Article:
Exploiting Embodiment in Multi-Robot Teams Barry B. Werger and Maja J. Mataric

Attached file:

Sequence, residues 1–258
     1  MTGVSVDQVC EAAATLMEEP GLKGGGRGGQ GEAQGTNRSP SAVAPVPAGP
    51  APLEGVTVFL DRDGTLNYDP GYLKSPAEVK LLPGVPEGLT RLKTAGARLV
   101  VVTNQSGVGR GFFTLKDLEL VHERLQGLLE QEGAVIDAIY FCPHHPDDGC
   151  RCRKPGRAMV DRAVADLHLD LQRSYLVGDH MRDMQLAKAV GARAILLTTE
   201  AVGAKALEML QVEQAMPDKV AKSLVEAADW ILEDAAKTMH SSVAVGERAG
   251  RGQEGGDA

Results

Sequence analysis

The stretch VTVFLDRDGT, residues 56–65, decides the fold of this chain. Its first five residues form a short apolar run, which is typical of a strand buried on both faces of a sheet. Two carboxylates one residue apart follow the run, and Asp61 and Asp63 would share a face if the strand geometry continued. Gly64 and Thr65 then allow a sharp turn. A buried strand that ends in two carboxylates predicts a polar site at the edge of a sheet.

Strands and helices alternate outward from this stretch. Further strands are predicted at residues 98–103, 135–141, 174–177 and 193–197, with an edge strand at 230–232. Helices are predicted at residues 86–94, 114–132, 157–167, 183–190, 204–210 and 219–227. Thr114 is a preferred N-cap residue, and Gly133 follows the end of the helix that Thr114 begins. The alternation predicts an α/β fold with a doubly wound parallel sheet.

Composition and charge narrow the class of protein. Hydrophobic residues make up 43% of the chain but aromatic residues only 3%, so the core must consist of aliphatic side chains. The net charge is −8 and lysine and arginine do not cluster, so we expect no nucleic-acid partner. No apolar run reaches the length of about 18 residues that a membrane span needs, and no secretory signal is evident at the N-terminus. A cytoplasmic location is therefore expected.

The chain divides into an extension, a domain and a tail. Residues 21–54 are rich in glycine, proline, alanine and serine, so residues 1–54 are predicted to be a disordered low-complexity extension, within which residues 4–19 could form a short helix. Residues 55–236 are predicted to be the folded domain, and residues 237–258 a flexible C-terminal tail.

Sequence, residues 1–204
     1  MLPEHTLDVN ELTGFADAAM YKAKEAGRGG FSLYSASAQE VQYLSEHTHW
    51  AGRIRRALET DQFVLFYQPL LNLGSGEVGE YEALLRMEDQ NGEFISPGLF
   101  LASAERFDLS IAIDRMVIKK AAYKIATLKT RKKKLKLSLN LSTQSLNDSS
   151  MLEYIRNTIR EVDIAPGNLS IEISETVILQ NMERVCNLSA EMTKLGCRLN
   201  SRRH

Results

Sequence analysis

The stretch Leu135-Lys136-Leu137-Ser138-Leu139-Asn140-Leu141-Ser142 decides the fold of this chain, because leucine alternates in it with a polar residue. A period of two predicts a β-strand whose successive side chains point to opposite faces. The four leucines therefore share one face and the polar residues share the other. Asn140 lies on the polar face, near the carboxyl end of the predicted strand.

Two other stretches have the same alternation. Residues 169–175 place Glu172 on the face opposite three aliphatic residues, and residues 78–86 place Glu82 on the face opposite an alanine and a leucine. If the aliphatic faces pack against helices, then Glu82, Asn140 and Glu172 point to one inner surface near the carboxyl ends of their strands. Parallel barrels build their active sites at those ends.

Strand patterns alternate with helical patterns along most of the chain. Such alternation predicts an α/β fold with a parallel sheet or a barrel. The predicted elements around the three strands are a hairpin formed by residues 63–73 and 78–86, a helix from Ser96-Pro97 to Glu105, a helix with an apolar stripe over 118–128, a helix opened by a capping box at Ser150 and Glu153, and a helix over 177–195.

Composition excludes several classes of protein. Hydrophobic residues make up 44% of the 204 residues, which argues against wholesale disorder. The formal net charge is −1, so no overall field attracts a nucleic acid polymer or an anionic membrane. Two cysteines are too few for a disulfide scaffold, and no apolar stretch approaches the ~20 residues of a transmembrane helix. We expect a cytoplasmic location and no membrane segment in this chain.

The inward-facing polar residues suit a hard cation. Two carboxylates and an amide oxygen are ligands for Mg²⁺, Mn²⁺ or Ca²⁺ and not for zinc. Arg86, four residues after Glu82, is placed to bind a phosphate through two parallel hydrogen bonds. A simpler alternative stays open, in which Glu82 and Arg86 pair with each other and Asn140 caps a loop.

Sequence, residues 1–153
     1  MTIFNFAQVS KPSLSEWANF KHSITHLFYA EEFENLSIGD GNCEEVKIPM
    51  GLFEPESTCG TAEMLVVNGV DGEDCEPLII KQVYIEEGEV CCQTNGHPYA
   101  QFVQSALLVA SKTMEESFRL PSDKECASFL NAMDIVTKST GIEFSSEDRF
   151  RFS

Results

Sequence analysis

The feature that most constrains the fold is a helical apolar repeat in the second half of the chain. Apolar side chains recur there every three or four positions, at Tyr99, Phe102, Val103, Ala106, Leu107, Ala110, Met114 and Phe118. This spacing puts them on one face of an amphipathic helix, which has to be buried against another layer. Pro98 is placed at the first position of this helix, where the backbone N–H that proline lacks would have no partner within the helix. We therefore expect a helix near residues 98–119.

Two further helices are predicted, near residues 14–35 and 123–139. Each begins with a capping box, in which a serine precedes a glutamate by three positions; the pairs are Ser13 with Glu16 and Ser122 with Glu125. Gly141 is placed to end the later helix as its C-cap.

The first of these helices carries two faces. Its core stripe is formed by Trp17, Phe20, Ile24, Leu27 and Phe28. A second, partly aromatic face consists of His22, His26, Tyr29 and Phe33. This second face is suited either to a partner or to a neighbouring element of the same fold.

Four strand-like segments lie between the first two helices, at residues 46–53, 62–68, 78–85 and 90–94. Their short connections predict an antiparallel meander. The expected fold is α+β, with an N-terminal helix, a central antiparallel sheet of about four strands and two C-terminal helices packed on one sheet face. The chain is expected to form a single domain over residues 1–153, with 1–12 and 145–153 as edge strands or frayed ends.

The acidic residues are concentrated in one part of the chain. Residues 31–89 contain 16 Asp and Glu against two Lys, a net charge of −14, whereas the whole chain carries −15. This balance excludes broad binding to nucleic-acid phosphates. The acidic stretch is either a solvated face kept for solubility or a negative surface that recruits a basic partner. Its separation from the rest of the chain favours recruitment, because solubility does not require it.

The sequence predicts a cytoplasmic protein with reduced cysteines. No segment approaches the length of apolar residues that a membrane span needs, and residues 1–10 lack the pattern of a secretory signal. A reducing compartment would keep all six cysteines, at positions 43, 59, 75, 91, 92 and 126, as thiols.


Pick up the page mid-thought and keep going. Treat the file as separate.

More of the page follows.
This paper describes multi-robot experiments and systems which exploit their embodied nature to reduce needs for sensory, effector, and computational resources. Many natural phenomena, such as territorial markings or ant pheromone trails, take great advantage of the ability mark the environment, and of the natural dissipative processes which cause these markings to decay. In this way, globally complex behavior can result from simple local rules. The information invariants (\cite{DonaldBook}, \cite{DonJenRus}) literature raises the issue of robots similarly recording information, or even ``programs,'' into the physical environment. This paper provides example systems that dynamically encode information and ``programs'' into the physical environment, and by so doing, increase their own robustness and reduce their resource requirements and computational complexity. The main experimental system that we present, a robot ``chain'' used for foraging, is modeled after the natural phenomenon of ant pheromone trail formation. ``Minimal'' agents with local sensing and action form a system that can perform position-dependent tasks. We discuss how this system can dynamically adapt to environmental changes, both by forming efficient paths to changing resource locations and by dynamically assuming roles. We also demonstrate a robot soccer system that exhibits such dynamic role assumption and flexible teamwork, subject to global constraints, using only limited local sensing and no explicit communication. We discuss how moving information and computation into the shared physical environment improves our ability to generate complex global behaviors from simple locally interacting agents.